A lot of folks tend to discount a wee jaunt to Cornwall on the basis it is “too hilly” and not suitable for those with limited mobility. Well I’m pleased to say that really isn’t true of Penzance which has so much to offer not least 23 ....yes 23 Pubs!
Firstly Penzance has a bona fide promenade extending from the towns famous outside swimming lido ...The Jubilee Pool, to the fishing port of Newlyn which is approximately 1.5 miles, past glorious gardens, children’s play area, Skate Park, boating lake and the Tolcarne Inn (great fish dishes). The beach is mainly pebble but the sea is crystal clear in fact seals and dolphins can often be playing here. A further 1.5 miles (pavement and flattish coast path, no steps) will take you to the picturesque harbour village of Mousehole (regular 20 minute busride back if you need it).
From Penzance harbour the coast path (flat and even, occasional gravel, no steps) continues 3 miles the other way around the bay to the sandy beach of Marazion and St Michaels Mount (again regular 20 minute busride back if needed).
Anyway back to Penzance town itself which has a lovely gently inclining high street with independent and chain shops and many tea, cake and pasty shops.....yum yum. Going right up the “causewayhead” (an olde Cornish name) brings you to more shops and the Cinema, now converted into 3 accessible screens. Going left takes you to Chapel Street, full of curiosities like the Egyptian House, ancient pubs The Turks Head and the Admiral Benbow (as in Treasure Island... O R Jim lad), and retro knick knack shops. Follow the signs for 5 minutes to the town’s tropical gardens at Morrab or Penlee Park with Art gallery and cafe.
The Trengwainton NT garden is 2 miles north of Penzance. Lovely flowers (especially springtime Camellias and Rhododendrons), walled garden and exotic plants with a level circular path ...followed by delicious tea and cakes at the cafe there.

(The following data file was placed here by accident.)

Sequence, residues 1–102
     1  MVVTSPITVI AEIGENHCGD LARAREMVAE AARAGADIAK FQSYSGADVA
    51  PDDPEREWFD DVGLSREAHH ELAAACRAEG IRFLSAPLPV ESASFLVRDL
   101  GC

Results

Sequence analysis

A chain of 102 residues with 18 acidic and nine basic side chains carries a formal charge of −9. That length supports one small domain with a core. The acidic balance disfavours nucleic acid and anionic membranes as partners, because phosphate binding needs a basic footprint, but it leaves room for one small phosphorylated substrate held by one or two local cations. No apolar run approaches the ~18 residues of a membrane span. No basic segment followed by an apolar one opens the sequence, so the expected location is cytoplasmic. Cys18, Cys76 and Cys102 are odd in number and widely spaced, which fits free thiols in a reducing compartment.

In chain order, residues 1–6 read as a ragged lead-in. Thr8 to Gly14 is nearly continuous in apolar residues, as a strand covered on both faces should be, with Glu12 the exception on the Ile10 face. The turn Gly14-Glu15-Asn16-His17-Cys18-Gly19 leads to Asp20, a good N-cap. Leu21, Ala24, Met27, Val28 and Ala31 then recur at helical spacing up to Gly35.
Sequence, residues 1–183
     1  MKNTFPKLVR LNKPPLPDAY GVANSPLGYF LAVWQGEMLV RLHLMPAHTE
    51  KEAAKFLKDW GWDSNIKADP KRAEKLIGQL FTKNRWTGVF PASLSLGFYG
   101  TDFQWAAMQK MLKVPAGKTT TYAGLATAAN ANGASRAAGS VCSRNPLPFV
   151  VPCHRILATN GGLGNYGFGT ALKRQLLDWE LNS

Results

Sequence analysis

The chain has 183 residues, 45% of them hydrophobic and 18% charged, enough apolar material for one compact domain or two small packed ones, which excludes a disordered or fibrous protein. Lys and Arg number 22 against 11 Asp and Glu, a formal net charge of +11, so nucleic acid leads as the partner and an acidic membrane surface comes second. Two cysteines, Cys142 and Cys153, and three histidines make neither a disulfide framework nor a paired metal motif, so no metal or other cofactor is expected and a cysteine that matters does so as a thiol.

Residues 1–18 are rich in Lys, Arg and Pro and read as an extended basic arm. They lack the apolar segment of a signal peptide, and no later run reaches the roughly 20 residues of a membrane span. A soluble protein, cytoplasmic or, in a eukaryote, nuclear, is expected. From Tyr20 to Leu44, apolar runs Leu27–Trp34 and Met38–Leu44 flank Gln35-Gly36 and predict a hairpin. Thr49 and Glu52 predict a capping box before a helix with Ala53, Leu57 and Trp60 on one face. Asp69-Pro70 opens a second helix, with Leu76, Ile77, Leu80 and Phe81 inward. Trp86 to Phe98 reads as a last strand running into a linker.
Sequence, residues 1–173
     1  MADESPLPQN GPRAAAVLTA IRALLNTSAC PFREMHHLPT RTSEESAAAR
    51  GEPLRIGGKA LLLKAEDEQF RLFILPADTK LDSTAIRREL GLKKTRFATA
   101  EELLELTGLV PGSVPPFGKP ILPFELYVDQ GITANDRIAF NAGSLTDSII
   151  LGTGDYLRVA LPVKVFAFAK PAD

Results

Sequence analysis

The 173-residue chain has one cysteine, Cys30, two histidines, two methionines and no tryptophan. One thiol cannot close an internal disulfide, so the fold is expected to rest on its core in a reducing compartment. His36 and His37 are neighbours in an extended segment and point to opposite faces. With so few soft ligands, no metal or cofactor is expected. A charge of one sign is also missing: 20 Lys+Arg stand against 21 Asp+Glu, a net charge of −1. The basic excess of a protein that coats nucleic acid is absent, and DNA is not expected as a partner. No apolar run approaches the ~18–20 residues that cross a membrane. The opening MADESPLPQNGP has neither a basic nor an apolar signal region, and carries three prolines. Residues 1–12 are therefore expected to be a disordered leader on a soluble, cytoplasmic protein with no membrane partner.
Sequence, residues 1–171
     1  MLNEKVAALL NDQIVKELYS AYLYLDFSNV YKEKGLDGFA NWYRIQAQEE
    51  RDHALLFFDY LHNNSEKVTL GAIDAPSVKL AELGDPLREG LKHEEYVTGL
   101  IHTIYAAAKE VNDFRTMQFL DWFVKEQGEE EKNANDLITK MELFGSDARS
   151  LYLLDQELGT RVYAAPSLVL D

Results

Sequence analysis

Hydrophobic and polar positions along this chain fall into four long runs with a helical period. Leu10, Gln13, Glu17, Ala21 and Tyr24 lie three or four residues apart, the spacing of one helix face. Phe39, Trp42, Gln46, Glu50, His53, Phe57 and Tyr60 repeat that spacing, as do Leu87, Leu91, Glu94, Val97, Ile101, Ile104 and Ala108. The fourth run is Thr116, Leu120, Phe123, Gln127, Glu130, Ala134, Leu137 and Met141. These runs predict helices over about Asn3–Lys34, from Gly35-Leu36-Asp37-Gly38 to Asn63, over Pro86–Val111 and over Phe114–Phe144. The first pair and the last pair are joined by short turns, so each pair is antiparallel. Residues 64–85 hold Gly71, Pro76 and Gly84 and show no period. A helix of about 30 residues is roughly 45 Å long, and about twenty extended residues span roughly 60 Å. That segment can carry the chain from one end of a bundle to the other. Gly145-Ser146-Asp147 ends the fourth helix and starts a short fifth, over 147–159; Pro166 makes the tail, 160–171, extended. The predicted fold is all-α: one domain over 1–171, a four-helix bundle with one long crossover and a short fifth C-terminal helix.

Penzance has a vibrant live music scene for example Monday “session” nights at the Crown, Friday “heavy” nights at the London Inn, Blues and Jazz nights at the Union and Soulful Sunday strumming at the Luggar Inn....to name a few but keep your eyes open for other stuff advertised.
If you fancy a trip to the Scilly Isles, the ferry leaves most days at 9am returning at 7pm giving you 4 hours to explore St Marys. Contact the booking office to ensure accessibility assistance is provided.
About 12 miles west of Penzance, Minack openair cliffside theatre is unique with a full schedule of performances from Spring to Autumn. There are entry ramps from the car park and accessible seating areas bookable in advance but do wrap up as it can blow a gale off the sea with little protection. Minack cafe is open during the day too (£5 entry cover) and one of its attractions is the possibility of spying a basking shark down below in PorthcornoBay – who knows you may be lucky – we were!
The local train from Penzance to St Ives takes about 20 minutes, with a downwards sloping path to its main beaches, shops and harbour. St Ives is truly beautiful, an artist’s dream with so much natural light and reflection from the sea even on a dull day. Hence it is hideously busy in the height of summer with people and cars stacked up round ever corner. But don’t let that put you off it is a definite must see! Beware those seagulls though they are skilled in getting folks to part company with anything from a pasty to an ice cream. Check train connections coming back to Penzance through St Erth, sometimes changing platforms is necessary via a high step bridge but GWR will pay for a return taxi due to this lack of accessibility (must be booked in advance with them).
And so returning to the relative peace of Penzance is a delight. Except for the Golowan and midwinter festivals (google it) .....and on 27th August this year when the town is hoping to get back the Guinness Book Of Records for the highest count of Pirates.
Shiver me timbers ....cant wait to go back !